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An Educator's Guide to Technology and the Web
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Internet @ Schools

Sep/Oct 2009: Features

A LOOK AT... Digital Photography in School

Looking at the world around us, it seems clear that digital photography and video are here to stay—and they should be used in K–12 education. Equipment prices have dropped significantly; cameras and other digital devices can be placed in students’ hands without concern. In this article, Charlie Doe takes a look at some of the possibilities for the classroom and media center.

Internet2 and School Libraries: The Time Is Now (More Than Ever)

Does the word Internet2 conjure images of a mythical realm off-limits to the masses of web-surfing plebeians? A forbidding place where computer engineers and the academic research elite speak in esoteric computer programming dialects and move terabytes of data through big pipes at the speed of light? At Horace Mann Elementary School in West Allis, Wis., Internet2 is helping transform the school library into the heart of digitally enabled innovation and learning. So what is the real Internet2, and why does it matter to K–12 schools and libraries? James Werle and Louis Fox have the answers!

Social Networking Through Your Library Automation System: What Librarians and Vendors Have to Say

A year ago, Barbara Fiehn wrote in Multimedia & Internet@Schools about the emergence of social networking features being added to school library automation systems. At the time, Follett’s Destiny was the leader among school automation vendors in implementing the social networking or Web 2.0 features, and some schools and media specialists were getting on board. A good deal has transpired in the ensuing year. So here’s an update based on a user survey Barbara did as well as information from interviews she conducted with vendors at the recent American Library Association (ALA) conference in July 2009.

The Collaborative Mind: Tools for 21st-Century Learning [Available Full-Text, Free]

Collaboration is one of the defining characteristics of the 21st century, but many educators are still searching for ways to embrace this idea in their schools. Some technologies facilitate the creation of a collaborative learning environment better than others, but there are a number of technology tools that can lead to collaborative student and teacher engagement while also addressing budgetary and infrastructure issues. This article offers suggestions for overcoming barriers using simple tools that foster complex thinking.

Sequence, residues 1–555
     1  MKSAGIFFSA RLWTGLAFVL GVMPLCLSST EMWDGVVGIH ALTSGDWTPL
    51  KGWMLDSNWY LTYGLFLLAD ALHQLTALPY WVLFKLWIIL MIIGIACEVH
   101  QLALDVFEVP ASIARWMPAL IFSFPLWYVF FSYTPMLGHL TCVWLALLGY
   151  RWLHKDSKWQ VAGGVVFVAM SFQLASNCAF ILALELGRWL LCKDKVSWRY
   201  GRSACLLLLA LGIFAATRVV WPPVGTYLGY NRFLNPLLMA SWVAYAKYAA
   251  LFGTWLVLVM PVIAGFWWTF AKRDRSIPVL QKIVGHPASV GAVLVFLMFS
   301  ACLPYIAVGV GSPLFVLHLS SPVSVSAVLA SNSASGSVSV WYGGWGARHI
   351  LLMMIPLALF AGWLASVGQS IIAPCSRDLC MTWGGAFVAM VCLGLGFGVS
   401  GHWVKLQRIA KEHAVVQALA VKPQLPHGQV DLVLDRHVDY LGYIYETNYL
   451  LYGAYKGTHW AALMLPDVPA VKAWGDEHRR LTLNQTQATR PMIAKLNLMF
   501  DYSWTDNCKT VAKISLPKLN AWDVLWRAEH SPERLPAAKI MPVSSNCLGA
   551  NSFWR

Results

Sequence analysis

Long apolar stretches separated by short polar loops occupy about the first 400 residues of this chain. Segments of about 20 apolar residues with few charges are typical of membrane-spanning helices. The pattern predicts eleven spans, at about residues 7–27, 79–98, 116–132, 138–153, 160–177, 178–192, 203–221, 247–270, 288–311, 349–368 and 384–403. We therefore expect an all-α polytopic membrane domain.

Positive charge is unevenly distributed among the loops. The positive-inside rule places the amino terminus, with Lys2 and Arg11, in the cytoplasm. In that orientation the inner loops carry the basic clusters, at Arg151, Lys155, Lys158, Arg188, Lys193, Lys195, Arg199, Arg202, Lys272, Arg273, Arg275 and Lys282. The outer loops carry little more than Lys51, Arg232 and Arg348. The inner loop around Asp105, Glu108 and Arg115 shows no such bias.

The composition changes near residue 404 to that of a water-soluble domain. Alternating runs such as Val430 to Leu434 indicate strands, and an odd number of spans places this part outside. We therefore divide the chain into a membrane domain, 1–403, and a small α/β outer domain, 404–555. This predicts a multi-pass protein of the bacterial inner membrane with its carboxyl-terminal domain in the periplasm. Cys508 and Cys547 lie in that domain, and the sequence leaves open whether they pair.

Sep/Oct 2009: Product Reviews

Classworks Web Edition

Sally Finley reviews Classworks Web Edition, an online subscription service that provides individualized standards-based instruction in math, reading, language arts, and science.

Maps101.com

Susan Hixson reviews Maps101.com, a subscription-based online resource that provides access to thousands of interactive maps, videos, animated timelines, educational games, and educator resources for teaching earth science, geography, history, and social studies.

Study Buddy Handheld Tutors

Charles Doe reviews the Study Buddy Handheld Tutor, a device that offers electronic multiple choice practice opportunities for students of all ages.
 

Sep/Oct 2009: Columns

EDITOR'S NOTES: The Collaborative Mind-Set

THE PIPELINE: What Is in the Pipeline? Really! Part 1

It is not unlikely that the corpus of information that today's learners in grade four will encounter as adults will be doubling in minutes. That likelihood should provide pause for every educator. What is their world going to look like, and what are the skills, aptitudes, and competencies we need to be facilitating, teaching, and encouraging? Here, in Part 1 of a two-part series, are some thoughts on where things are and where they’re headed.

THE MEDIA CENTER: The Changing Face of Reference

There is no better way to enhance your knowledge of a topic than to teach it and engage in discussion with a diverse group of graduate students representing various age groups and professional experiences including practicing media specialists, classroom teachers, and paraprofessionals. This column reflects Mary Alice's recent experience teaching an online reference course for Minnesota State University–Mankato and discussions with other media professionals.

BELLTONES: Playing Tag Is Good for You!

As a kid, Mary Ann used to collect insects, setting the critters into their respective boxes and tagging them by laboriously printing information on little slips of paper. Apparently the process of classifying appealed to her deeply, and ultimately lead to … what else? … this month's discussion of tags, folksonomies, and tagging as a participatory sport and useful intellectual activity.

THE TECH EFFECT: These Lessons Pop!

A 9-year-old girl is poised on the surface of the moon, a spaceship and stars in the background. Her fellow voyager, in the form of an orange, cylindrically shaped robot, responds to her conversation with an unintelligible mechanized beep. These two space pioneers are engaged in a lively discourse about the nature and origin of constellations. Is it a Nickelodeon special? The latest remix of Lost in Space? A juvenile version of 2001: A Space Odyssey? Nope. Just business as usual as an elementary school class Johanna Riddle reports on produces another Pawprint Production educational video.
 

Sep/Oct 2009: In the Spotlight

RenderMan

RenderMan, the software used by Pixar Animation Studios to create Academy Award-winning animated films and visual effects, is now available in a variety of education editions with special pricing options.
 
 
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